COVID-19: BC cancels some operations due to shortage caused by unvaccinated workers: Minister

Dr. Bonnie Henry says health workers who do not recognize the importance of vaccines in the fight against the pandemic may not be in the right profession.

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VICTORIA – BC hospitals are postponing some surgeries due to lack of staff created by unvaccinated health workers who have been put on unpaid leave, says Health Minister Adrian Dix.


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Dix said Monday that 3,325 health workers across the province have not been immunized against COVID-19 and are in violation of the government’s proof-of-vaccination policy, which went into effect last month.

The shortage of staff will result in reductions in hospital operating services in Fraser’s home and health services, while increased demand for health care has forced surgical delays in many other parts of the province, he told a news conference.

“Across BC, the vast majority of our operating rooms continue to run, but due to a number of challenges, there have been some reductions,” he said. “Kelowna General Hospital has reduced two operating rooms this week to compensate staff who did not meet the vaccination requirements, who are on unpaid leave.”

Dix mentioned hospitals across the province facing staff pressures, including those in Kamloops, Abbotsford, North Vancouver, Richmond and New Westminster.

He said of the 127,448 health workers in the province that 122,059 have been fully vaccinated, while 2,064 have received a vaccine dose.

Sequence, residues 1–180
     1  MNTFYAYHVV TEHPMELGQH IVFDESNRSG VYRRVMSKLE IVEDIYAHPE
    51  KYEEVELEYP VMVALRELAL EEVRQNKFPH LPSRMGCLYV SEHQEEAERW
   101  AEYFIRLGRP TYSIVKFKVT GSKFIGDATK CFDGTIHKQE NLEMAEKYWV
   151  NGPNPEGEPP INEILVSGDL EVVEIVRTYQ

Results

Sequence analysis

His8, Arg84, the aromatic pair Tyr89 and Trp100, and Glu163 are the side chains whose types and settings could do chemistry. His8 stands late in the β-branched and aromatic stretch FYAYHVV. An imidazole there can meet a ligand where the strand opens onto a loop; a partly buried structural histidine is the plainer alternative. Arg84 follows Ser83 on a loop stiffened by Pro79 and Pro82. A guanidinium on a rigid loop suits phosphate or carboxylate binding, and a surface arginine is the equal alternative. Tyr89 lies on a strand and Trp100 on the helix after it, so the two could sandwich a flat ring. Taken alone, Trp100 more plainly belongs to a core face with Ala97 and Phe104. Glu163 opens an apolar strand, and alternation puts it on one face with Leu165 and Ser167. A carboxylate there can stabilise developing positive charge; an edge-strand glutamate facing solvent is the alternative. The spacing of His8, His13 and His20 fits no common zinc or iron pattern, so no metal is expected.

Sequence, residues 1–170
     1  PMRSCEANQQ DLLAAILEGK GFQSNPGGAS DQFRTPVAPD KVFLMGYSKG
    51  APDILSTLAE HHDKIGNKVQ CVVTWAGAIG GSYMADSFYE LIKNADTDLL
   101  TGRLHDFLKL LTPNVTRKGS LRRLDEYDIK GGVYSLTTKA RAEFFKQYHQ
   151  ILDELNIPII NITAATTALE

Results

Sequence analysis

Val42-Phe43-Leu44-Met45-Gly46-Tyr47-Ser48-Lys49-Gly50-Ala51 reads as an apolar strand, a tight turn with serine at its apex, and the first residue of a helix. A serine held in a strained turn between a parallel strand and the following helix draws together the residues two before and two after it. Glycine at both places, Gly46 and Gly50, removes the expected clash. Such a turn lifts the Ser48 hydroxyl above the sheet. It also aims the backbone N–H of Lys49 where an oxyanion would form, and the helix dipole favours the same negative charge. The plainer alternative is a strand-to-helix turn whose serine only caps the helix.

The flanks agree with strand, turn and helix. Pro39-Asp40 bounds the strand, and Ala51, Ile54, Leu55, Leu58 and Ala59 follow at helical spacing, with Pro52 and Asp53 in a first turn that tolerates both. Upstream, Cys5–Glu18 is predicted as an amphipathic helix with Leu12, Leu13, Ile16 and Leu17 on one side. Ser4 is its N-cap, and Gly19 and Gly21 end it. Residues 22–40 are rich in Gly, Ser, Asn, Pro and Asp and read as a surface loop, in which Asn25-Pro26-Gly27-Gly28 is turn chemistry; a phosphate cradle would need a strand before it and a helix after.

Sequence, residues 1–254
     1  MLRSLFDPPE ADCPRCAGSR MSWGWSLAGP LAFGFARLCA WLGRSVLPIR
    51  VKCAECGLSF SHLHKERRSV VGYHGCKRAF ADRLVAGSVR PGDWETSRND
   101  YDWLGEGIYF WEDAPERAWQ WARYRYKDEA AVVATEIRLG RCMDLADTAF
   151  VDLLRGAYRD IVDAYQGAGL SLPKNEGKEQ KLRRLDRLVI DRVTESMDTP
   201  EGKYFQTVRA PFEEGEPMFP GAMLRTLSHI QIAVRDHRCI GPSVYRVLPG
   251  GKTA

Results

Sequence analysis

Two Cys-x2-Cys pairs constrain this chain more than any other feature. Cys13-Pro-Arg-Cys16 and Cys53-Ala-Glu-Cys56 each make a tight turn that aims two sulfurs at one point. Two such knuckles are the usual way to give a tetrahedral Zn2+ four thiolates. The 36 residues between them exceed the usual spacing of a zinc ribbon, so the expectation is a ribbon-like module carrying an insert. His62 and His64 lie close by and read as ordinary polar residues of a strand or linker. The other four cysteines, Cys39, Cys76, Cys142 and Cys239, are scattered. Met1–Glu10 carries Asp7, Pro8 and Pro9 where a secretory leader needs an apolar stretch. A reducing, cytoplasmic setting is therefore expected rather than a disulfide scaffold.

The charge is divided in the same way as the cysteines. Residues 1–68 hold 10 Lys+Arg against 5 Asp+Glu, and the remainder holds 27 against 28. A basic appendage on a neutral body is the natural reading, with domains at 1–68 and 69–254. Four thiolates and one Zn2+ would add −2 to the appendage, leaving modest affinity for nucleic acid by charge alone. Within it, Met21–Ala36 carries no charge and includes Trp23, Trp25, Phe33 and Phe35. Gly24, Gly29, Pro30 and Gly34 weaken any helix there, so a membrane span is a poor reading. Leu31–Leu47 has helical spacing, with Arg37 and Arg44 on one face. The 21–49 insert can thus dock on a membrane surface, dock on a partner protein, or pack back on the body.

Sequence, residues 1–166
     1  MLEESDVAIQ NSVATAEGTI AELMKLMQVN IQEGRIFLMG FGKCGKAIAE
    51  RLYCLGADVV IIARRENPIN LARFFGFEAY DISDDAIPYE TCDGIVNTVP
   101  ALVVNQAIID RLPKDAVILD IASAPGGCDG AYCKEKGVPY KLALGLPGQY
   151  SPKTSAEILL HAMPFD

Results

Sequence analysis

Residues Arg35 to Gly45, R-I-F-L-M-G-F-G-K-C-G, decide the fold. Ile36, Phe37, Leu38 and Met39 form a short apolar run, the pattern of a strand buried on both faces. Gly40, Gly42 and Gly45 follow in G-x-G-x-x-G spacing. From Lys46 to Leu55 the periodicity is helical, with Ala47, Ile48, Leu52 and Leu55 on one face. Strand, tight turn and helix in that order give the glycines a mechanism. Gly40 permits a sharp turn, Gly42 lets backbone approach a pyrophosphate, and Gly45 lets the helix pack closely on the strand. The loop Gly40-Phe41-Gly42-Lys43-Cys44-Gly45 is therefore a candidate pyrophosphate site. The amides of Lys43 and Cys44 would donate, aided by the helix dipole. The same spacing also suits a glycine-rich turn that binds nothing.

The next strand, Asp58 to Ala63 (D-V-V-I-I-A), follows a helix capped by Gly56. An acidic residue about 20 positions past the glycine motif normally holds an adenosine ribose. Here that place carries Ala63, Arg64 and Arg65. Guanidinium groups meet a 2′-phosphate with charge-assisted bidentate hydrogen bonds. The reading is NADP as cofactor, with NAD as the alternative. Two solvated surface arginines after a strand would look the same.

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Of the 3,225 health care workers who have not been vaccinated, five percent are in Interior Health and four percent in Northern Health, Dix said.

The province’s health officer Dr. Bonnie Henry said officials have spoken to health professionals in one-on-one meetings about their vaccination problems, but some remain strongly opposed to the vaccines.

“Some people are pretty dogmatic about vaccines, which is unfortunate,” she said.

Henry said vaccines are considered a lifesaver during pandemics.

“If people are in our healthcare system and do not recognize the importance of vaccination, then this is probably not the right profession for them, to be honest,” she said.

Henry also announced that people in BC who received two doses of the Oxford-AstraZeneca vaccine will soon be notified that they are eligible to receive a booster shot within six months of their second vaccine.


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On Monday, the BC vaccination rate reached 90 percent for all eligible individuals aged 12 and up to their first dose. The double vaccination percentage is 85.3 per cent.

1,370 new cases were reported on Monday over a three-day period from Friday, bringing the number of active cases to 4,668. Another 25 people have died, raising the death toll to 2,181.


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The BC government also introduced its final proof-of-vaccine policy on Monday for civil servants. It requires government employees to provide proof of vaccine status by November 22 or face being put on unpaid leave for three months and possible future termination.

The policy applies to any employee working in the public service, whether they work from home or work remotely.

The government says in a statement that workers who have been given a dose of a vaccine may be offered alternative work arrangements and will be required to provide proof of full vaccination within 35 days of receiving their first dose.

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